The service at CSB started and ended strongly, but had a bit of a dip in the middle. Our waitress was friendly and aware of the Google Offer, which made ordering simple. As it happened, our booth was directly across from the bar, so it took less than 30 seconds between ordering our beers and their arrival at our table. I got the Empire White Afro, a citrusy wheat beer that reminded me of a more refined Blue Moon, and Sarah had the Captain Lawrence Kolsch, which was slightly darker, but still on the lighter side.

The view from our table -- note the beef taps mere inches away.

The view from our table — note the beer taps mere inches away.

Unfortunately, after speedily taking our order and delivering our dinner lickety-split, there was a lull in the service. I tend to drink a lot of water during my meals, and was disappointed that no one came to refill my water glass while we were eating. Yes, I had my beer as well, but I’m a thirsty person, and ended my meal slightly parched. However, CSB made up for this with the unexpected goody bag at the end of our meal — more on that later. Let’s talk pancakes and eggs.

The Food:

Although the emphasis is clearly on classic American homecooking, Clinton Street Baking Company’s menu is also populated with comfort food from across the globe, from a handful of different burgers and the fried chicken and waffles, to vegetable enchiladas, spaghetti carbonara, and fish and chips. And of course let’s not neglect the only slightly slightly reduced breakfast section. Sarah and I briefly toyed with the idea of fish and chips as our other entree, but ultimately thought it would be a strange combination with the obligatory pancakes. We settled on the Huevos Rancheros to make a full breakfast-for-dinner-play, crossing the spectrum of savory and sweet brunch items. For our pancake order we chose Banana Walnut Pancakes over the Blueberry Pancakes and the special pancake of the day, Chocolate Chunk. As classic as blueberry pancakes are, I’ll choose a banana over a berry any day of the week, and I won’t apologize for it. Perhaps the more shocking move was passing over the chocolate option, but I thought I’d be missing out on the authentic CSB experience if I picked the special over one of the menu’s mainstays. Oh, and just in case we weren’t truly embracing our full carbohydrate potential, we also ordered a side of sweet potato fries. You know, to get our veggies in.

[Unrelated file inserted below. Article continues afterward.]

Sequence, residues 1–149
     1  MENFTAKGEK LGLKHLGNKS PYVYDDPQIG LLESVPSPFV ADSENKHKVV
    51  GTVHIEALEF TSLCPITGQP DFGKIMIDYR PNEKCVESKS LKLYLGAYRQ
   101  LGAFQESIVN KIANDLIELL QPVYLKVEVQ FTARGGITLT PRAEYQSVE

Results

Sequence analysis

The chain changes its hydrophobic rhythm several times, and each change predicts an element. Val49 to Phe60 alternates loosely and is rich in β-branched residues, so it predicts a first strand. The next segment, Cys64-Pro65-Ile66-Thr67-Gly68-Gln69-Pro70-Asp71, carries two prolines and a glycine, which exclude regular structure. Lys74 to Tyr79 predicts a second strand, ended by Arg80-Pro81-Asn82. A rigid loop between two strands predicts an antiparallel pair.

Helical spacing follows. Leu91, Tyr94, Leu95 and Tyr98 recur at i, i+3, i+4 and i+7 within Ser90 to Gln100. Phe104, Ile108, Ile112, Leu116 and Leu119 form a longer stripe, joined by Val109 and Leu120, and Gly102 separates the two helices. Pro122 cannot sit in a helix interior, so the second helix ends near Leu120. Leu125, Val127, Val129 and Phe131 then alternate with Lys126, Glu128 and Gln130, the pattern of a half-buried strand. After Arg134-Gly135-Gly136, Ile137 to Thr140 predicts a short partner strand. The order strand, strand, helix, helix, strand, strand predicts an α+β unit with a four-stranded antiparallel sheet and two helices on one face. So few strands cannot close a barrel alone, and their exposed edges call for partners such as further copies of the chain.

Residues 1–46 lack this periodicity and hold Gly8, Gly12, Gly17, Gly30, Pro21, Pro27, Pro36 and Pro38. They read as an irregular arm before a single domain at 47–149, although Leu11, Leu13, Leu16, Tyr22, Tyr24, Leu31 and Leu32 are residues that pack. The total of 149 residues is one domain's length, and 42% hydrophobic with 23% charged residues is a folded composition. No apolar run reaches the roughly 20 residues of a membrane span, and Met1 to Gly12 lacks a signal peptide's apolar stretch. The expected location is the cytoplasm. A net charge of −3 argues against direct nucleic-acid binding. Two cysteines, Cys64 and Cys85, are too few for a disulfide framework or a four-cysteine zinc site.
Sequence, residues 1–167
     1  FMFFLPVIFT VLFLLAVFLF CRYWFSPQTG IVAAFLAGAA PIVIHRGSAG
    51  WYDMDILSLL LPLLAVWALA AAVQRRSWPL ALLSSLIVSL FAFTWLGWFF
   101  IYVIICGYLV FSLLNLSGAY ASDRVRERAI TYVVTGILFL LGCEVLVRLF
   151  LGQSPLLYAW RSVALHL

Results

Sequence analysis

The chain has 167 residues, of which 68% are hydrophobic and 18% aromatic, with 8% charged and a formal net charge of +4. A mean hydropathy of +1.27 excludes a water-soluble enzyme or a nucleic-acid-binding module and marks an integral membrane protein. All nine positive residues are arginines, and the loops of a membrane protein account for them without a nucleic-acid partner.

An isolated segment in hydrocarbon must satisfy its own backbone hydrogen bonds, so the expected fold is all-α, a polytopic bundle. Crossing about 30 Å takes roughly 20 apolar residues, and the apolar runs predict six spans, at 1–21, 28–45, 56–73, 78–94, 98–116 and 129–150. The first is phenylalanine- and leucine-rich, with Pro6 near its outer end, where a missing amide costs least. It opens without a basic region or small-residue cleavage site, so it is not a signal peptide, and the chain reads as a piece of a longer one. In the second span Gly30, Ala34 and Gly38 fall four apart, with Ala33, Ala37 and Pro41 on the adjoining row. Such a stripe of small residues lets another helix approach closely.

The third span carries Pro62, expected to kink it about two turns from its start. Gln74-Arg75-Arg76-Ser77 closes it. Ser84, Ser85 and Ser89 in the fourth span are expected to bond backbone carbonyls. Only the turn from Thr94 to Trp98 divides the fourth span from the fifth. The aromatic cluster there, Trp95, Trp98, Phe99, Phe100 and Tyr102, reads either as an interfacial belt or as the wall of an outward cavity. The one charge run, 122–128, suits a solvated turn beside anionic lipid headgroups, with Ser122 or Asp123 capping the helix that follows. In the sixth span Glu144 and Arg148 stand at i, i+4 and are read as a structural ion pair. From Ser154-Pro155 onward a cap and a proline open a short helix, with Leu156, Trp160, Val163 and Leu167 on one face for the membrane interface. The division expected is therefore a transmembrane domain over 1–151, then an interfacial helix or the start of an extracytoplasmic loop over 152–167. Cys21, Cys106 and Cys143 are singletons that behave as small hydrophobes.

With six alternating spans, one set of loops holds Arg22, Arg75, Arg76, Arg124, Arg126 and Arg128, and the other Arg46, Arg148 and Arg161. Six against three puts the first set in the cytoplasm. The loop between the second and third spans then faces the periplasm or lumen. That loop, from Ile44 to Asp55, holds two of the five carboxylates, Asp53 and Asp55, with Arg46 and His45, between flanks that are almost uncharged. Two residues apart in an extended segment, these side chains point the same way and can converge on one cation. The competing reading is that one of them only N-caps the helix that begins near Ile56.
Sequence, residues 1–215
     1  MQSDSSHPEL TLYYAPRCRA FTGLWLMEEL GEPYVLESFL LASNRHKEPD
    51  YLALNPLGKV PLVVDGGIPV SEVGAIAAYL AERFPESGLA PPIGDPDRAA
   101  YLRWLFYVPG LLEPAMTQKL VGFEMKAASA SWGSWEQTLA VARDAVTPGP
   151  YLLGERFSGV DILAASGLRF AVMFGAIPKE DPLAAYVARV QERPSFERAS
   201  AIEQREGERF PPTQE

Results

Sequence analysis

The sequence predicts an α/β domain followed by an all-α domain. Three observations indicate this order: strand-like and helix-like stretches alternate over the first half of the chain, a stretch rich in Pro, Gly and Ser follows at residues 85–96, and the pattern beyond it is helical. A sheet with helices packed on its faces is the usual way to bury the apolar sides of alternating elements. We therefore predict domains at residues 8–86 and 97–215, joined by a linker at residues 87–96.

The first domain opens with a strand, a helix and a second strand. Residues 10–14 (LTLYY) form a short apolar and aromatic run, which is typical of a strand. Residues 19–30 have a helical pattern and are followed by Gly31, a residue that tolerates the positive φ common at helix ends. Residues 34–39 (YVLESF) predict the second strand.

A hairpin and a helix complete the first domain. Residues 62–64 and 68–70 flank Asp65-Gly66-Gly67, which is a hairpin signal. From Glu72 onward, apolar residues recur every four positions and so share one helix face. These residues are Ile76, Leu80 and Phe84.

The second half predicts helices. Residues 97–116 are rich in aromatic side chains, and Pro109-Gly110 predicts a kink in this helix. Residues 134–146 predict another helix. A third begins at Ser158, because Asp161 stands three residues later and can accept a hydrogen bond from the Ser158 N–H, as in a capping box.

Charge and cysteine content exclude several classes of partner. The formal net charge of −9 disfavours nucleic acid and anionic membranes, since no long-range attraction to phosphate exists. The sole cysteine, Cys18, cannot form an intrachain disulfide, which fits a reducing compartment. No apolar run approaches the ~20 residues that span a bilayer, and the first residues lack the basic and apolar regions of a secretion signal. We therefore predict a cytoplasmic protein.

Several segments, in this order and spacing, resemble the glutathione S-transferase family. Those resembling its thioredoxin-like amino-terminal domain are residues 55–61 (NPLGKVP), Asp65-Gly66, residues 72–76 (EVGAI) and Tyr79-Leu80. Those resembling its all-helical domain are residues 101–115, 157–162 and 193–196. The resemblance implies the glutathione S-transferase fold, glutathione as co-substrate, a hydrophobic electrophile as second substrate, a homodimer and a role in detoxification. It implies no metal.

I see your bread basket and raise you some complimentary mini biscuits.

I see your bread basket and raise you some complimentary mini biscuits.

Our meal started with a complimentary plate of miniature biscuits, a pleasant surprise, as I’m always excited to see a bread basket that contains more than plain old sliced Italian bread. We got four biscuits for the two of us, which was generous considering the carbo-loading we were about to engage in. The bad news is that the biscuits were served only with a few regular foil-wrapped pats of butter (“what, no homechurned strawberry butter?” the bourgeois brunch snob in me cries out), and arrived firmly at room temperature. Even so, they still had a great creamy, rich flavor, and had the right slightly crumbly texture, so I actually didn’t feel the need to put butter them further. CSB’s biscuits would definitely have been significantly stronger if warmed — but as they were served, they were just average. (I do recognize that I may be especially biased at this point in time, given my recent fantastic biscuit encounters at Good Enough to Eat and Cafeteria.)

The Huevos Rancheros -- well cooked, but undercut by a lackluster tortilla.

The Huevos Rancheros — well cooked, but undercut by a lackluster tortilla.